Usually when I buy a new book, I tend to go to the name Index given at the end of the book just to see if the author considered any of my games worth publishing in his book!
I remember there was once a small note in a book written by the famous opening expert Schandorff. The book was titled Playing 1.d4: Indian Defences.
I was quite elated because my name came in the book thanks to a theoretical battle I had in the Grunfeld with M G Gahan in 2008. However the author immediately suggests a novelty i.e a move that I hadn't made! So there was nothing really to be proud about.
But today as I flipped the pages of the book written by one of my favourite authors: Jacob Aagard, I was pleasantly shocked!(yes shocked. surprise would be just too mild).
There you can see my name, second in the list!
And which book are we talking about? The book is none other than Attack and Defence which was released in December 2013.
It is the fourth book in the Grandmaster Preparation series. The book is aimed at ambitious players and I am sure strong Grandmasters are using this book to improve their play!
The position comes under the section of the "only moves". Here you see that I have had the talented young Indian GM S P Sethuraman on the ropes. His g7 point is about to be destroyed. He has to find the only move to stay in the game (which he didn't yet I left him unpunished). And guess what?!! This is the last position in the only move section and according to Aagaard this is the most difficult position on defence that he has ever put in his books. Now that's something really to be proud of! Have a crack at the position and then check the answer which Aagaard has given below.
I am sure you are wondering, how does Aagaard find such positions? If Sethuraman had found this stunning defensive idea with Rf4 then I am sure it would have been easier to identify this game. But he hadn't and the right move remains in the notes to the game. So does Aagaard meticulously check every game in the database or scans each one of them under the watchful eye of Houdini?!! That's just too much to ask for! My guess is that he found the game when I published it New in Chess yearbook 106 in the year 2013. Here is the article that I wrote in the yearbook. I am sure if you go over the game and my analysis carefully you can learn a lot.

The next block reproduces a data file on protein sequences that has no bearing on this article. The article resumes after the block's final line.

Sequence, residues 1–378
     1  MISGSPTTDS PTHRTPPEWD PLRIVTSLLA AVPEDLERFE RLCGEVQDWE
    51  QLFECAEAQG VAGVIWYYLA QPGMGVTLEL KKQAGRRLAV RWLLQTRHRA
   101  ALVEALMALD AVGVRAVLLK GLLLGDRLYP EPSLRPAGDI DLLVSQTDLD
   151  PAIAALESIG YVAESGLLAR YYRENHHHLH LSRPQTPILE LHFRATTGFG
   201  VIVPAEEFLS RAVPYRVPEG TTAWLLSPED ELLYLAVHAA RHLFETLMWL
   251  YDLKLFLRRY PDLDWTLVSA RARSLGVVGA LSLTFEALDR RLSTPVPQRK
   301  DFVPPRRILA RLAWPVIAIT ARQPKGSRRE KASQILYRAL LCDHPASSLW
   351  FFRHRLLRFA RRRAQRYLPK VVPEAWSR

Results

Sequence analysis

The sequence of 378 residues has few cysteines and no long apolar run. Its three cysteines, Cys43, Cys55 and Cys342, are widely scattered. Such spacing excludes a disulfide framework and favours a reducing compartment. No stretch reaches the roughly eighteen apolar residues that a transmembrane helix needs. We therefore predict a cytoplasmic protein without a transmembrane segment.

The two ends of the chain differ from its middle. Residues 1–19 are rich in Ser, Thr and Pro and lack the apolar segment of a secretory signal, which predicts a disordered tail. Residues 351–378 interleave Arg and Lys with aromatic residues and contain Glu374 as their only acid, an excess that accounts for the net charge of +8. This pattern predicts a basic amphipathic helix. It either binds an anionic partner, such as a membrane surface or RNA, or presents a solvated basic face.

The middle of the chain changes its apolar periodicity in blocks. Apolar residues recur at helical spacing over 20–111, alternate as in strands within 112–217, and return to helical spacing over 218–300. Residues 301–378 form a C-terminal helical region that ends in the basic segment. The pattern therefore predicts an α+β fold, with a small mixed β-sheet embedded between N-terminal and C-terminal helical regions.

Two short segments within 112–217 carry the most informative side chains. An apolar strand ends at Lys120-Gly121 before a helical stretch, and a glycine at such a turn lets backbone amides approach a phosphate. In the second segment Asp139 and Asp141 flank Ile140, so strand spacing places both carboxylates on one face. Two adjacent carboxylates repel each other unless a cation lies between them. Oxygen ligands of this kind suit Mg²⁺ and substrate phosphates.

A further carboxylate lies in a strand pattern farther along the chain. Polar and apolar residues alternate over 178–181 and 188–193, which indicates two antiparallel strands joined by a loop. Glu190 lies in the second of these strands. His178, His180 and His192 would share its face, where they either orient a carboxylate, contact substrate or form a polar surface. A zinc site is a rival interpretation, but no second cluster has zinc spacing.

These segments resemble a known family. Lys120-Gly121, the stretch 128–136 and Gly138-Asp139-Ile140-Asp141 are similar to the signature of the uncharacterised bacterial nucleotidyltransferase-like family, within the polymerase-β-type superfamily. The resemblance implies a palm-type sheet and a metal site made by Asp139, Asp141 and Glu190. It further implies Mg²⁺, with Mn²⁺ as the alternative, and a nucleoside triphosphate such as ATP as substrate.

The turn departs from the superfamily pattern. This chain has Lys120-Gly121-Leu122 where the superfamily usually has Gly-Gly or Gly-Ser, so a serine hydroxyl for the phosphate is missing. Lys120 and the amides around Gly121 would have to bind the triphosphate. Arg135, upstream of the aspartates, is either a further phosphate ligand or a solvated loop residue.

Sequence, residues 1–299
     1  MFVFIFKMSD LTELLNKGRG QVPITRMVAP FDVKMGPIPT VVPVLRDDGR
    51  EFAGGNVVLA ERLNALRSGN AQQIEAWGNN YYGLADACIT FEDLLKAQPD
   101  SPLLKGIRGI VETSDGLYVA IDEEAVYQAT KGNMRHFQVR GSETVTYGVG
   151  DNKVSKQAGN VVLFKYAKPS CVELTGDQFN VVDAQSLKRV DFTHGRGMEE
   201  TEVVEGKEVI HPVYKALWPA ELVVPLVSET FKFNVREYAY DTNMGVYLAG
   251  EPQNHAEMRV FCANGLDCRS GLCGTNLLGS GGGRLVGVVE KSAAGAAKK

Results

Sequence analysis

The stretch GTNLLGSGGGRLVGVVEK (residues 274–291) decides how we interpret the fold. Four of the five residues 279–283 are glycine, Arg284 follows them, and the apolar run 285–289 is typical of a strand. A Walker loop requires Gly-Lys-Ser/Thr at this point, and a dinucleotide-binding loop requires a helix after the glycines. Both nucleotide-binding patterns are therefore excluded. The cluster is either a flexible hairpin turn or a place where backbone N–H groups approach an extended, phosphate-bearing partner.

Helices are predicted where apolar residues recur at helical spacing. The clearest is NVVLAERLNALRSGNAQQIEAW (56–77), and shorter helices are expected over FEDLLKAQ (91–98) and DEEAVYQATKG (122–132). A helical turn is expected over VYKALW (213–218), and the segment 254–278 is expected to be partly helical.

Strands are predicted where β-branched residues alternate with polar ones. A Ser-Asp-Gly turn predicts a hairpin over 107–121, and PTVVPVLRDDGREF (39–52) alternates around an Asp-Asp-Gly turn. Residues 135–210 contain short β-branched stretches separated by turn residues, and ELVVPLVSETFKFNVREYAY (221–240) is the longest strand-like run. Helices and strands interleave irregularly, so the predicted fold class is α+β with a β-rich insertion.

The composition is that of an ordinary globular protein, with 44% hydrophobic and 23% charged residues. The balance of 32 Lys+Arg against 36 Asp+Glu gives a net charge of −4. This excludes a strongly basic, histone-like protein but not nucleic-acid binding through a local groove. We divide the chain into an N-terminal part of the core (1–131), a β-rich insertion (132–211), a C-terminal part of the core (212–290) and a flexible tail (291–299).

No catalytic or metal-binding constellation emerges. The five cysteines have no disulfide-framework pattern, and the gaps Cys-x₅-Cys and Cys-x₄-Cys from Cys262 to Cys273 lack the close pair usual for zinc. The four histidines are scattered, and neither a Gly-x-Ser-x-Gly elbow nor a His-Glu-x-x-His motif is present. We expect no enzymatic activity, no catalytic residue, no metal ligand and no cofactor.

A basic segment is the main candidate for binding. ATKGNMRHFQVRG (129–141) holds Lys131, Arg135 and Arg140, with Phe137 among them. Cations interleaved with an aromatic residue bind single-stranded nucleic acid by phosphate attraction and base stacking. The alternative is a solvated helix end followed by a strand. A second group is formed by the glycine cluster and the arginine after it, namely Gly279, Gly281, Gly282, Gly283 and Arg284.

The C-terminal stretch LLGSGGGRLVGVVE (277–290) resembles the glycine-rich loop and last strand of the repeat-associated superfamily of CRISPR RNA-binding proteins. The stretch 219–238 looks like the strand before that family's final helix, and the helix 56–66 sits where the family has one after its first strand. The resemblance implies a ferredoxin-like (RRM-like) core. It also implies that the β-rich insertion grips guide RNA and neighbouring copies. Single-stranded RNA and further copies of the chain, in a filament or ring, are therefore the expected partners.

I have clearly mentioned all the analysis in the note to the 31st and the 32nd move in this article. It is commendable that Aagaard was able to find this nice position and maybe he kept it safely in his database and classified it under the heading of "only move". But it is sad that he doesn't even mention that he took almost all the analysis from this New in Chess yearbook source. About 32...Ba5+ He mentions that white must have forgotten about this move, while in my annotations I have mentioned that I had missed this idea. It would be nice if Aagaard would have mentioned the source from which he took the analysis.
On the other hand, there is the chance that he found this position without reading my article in the yearbook. But I think the chances of that are really very slim. What do you think?!!
PS: This article does not in any way belittle the efforts taken by Aagaard. He is doing a great job by writing such high quality books and helping players all over the world to improve. I have always had immense respect for him and shall have it in future too. But it is my opinion that such a famous author who is writing a book that is being read by so many players must always give the source from where he took the analysis.
On the next day after I posted this on Facebook, Jacob Aagaard replied. This is what he said:
I did not use your annotations. I go through TWIC looking for examples. If I do see something in Chess Informant or somewhere else that I want to use, I find the game in my database and start analysing it from scratch, as I try to form my own opinions and try to avoid replicating others work or mistakes.
Regarding copyright. The moves are not copyrighted. They are information. If our engines find the same moves, they are not to your credit either. However, if I use words or illustrative lines from somewhere, I do give the reference.
But as said, this example I am pretty sure I found in TWIC.
Although I would have checked the Yearbook as well. I just think I saw this game in TWIC.
Regarding my method, it is not a secret. I go through 100s and sometimes 1000s of games a week looking for something interesting. It is time-demanding work, but also quite rewarding. Less than 5% of the examples in my books are something I have seen somewhere else. At times I mention the source, as said, also when it is not a legal requirement. When I copy someones original work, I hope I always mention it.
SAGAR: So the discussion regarding copyrights ends here. The author did not take the position from my yearbook and hence he has no need to provide the source. After all moves are never copyrighted.